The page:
‘Dovzhenko’s rich lyricism, his vivid characters, and the poetic power of his landscapes earned him the reputation as the first poet of the cinema, and as one of the world’s leading film directors’ (Encyclopedia of Ukraine). ‘Zemlya’ was voted one of the best 12 films in world cinema by an international jury in 1958, and often features highly in subsequent BFI polls. ‘‘Earth’ is celebrated as one of cinema’s supreme visual masterpieces. The immensity of the sky bears down on the Ukrainian steppe as the arrival of a tractor signals a fundamental change to a centuries-old way of life, but the plot is secondary to the extraordinarily potent images of wheatfields, ripe fruit and weatherbeaten faces.’ (British Film Institute).


Poster for ‘Earth’ (Zemlya), Georgii & Vladimir Stenberg 1930

ESFIR SHUB (1894-1959)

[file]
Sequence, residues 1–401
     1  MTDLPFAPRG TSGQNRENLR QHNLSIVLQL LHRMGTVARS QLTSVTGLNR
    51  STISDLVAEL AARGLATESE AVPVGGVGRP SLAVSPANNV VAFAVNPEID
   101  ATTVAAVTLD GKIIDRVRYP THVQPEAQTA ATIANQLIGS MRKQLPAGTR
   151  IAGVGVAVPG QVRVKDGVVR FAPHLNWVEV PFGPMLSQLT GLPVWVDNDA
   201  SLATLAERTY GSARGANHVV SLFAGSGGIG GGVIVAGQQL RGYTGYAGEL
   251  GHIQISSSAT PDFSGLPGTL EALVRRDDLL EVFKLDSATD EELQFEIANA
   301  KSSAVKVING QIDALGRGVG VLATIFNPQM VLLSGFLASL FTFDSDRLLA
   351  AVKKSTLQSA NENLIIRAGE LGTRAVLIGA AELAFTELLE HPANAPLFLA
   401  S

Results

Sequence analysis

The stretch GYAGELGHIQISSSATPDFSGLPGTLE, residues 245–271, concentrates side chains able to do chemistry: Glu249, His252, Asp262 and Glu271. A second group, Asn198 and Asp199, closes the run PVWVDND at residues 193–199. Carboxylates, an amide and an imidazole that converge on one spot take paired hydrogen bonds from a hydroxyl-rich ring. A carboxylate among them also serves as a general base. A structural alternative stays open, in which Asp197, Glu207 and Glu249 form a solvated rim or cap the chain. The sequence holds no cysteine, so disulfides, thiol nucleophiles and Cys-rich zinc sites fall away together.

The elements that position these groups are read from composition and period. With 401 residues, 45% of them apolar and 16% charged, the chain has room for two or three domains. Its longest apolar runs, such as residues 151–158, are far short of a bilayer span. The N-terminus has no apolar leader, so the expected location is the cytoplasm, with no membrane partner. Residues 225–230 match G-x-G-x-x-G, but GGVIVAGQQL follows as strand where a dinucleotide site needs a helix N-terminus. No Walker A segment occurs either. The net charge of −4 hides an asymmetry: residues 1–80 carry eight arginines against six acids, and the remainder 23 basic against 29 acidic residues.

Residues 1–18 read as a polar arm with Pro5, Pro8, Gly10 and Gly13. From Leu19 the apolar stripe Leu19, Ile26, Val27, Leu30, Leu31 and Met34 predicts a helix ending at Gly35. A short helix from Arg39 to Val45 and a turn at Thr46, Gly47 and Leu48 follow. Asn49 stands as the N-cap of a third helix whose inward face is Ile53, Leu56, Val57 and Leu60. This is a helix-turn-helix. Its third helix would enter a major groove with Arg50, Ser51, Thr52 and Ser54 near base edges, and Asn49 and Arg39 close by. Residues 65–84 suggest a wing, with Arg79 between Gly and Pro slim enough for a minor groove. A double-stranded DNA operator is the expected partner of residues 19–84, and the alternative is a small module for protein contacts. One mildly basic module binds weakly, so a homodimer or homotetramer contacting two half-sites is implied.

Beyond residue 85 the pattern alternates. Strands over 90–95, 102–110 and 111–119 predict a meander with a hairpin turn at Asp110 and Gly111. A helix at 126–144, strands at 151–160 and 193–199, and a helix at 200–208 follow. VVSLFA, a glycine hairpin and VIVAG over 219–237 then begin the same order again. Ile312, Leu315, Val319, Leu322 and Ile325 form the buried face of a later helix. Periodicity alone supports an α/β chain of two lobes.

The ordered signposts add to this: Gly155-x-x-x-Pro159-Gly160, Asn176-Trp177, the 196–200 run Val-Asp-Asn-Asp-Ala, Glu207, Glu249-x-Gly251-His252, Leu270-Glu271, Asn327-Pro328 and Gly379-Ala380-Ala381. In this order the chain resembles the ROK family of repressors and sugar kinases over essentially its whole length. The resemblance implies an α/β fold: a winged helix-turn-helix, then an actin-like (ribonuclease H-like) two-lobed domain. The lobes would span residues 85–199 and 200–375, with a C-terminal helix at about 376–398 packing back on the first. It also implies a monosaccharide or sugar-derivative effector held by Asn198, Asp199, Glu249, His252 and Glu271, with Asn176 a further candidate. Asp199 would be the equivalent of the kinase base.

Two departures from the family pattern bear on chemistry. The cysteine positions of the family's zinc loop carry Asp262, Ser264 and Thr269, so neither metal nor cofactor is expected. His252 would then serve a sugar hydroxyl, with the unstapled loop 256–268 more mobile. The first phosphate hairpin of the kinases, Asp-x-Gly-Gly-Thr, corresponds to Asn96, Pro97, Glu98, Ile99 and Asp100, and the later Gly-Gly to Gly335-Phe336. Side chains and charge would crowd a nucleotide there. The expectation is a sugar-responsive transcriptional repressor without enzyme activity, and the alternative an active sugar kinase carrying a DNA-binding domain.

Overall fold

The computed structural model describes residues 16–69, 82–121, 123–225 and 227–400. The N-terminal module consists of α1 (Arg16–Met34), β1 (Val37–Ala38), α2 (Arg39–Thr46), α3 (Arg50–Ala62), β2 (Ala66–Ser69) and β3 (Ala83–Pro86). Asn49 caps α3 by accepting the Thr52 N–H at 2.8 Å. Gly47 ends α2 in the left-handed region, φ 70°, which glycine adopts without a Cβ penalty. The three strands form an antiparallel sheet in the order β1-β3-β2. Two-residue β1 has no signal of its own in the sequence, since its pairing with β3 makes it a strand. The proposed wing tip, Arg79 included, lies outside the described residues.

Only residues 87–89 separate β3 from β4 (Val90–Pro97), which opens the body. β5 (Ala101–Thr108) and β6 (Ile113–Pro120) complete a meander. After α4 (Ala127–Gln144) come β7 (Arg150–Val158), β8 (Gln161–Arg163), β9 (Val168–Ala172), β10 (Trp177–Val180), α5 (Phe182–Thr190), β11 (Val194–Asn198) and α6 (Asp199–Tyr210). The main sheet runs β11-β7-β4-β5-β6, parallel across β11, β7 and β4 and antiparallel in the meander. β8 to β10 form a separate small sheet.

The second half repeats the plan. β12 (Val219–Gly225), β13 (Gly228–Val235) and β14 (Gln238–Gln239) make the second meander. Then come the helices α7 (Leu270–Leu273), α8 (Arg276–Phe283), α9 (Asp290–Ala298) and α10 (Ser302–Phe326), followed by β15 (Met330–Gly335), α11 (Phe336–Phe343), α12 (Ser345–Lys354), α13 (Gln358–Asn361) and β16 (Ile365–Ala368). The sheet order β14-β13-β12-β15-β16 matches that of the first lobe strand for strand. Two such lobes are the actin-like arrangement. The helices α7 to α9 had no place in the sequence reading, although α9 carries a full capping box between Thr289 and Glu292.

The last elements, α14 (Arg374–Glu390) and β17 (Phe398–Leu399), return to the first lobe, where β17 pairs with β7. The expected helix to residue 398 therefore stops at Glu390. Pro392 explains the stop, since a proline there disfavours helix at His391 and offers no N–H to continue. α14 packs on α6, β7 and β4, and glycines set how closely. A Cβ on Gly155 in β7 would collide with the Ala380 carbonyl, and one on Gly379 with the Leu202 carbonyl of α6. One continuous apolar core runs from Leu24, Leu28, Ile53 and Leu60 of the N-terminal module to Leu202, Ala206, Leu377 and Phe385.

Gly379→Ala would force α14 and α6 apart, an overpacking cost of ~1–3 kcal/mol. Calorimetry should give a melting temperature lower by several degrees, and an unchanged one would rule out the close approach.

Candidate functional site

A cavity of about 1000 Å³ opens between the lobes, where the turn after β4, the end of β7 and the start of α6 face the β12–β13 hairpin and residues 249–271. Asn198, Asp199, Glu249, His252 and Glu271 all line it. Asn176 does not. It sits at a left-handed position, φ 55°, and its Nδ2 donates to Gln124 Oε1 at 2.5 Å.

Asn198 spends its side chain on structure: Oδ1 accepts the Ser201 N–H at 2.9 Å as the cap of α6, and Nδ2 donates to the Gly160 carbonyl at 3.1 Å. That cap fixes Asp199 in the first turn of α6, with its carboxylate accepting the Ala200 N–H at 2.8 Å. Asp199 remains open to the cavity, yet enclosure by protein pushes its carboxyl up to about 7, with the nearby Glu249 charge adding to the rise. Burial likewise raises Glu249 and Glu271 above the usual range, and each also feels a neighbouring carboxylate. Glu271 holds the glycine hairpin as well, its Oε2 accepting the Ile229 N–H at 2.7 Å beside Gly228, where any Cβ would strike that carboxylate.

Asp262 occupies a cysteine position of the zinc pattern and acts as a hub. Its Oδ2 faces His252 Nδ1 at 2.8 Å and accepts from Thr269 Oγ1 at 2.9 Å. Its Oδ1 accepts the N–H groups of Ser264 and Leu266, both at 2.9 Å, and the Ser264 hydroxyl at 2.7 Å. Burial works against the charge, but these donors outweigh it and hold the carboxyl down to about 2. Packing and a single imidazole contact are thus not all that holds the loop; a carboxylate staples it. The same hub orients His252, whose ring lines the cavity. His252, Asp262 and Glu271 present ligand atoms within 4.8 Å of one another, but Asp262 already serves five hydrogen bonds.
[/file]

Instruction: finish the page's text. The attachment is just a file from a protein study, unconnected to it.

A member of the Constructivist Left Front for the Arts (LEF) group, Esfir Shub was friends with all the leading personalities in the Soviet avant-garde, including Mayakovsky, Rodchenko, Stepanova, Vertov, Eisenstein and Pudovkin. She had first worked in the theatre, collaborating with the great director Vsevolod Meyerhold and Mayakovsky. Shub became interested in film in the early 1920s and her first job was with Goskino editing films to remove ‘politically incorrect’ sections. She became interested in the editing process and developed a completely new form of documentary genre, the ‘Compilation’ film. This incorporated sections of old newsreels, amateur footage, and other documentary material, much recovered from a damp old cellar in St Petersburg, and all edited together to form a single narrative.  Using restoration methods, Shub also saved and restored precious early revolutionary footage that might otherwise have been lost. She also worked with Sergei Eisenstein, writing the shooting script of ‘Strike’ and co-editing part of ‘October’.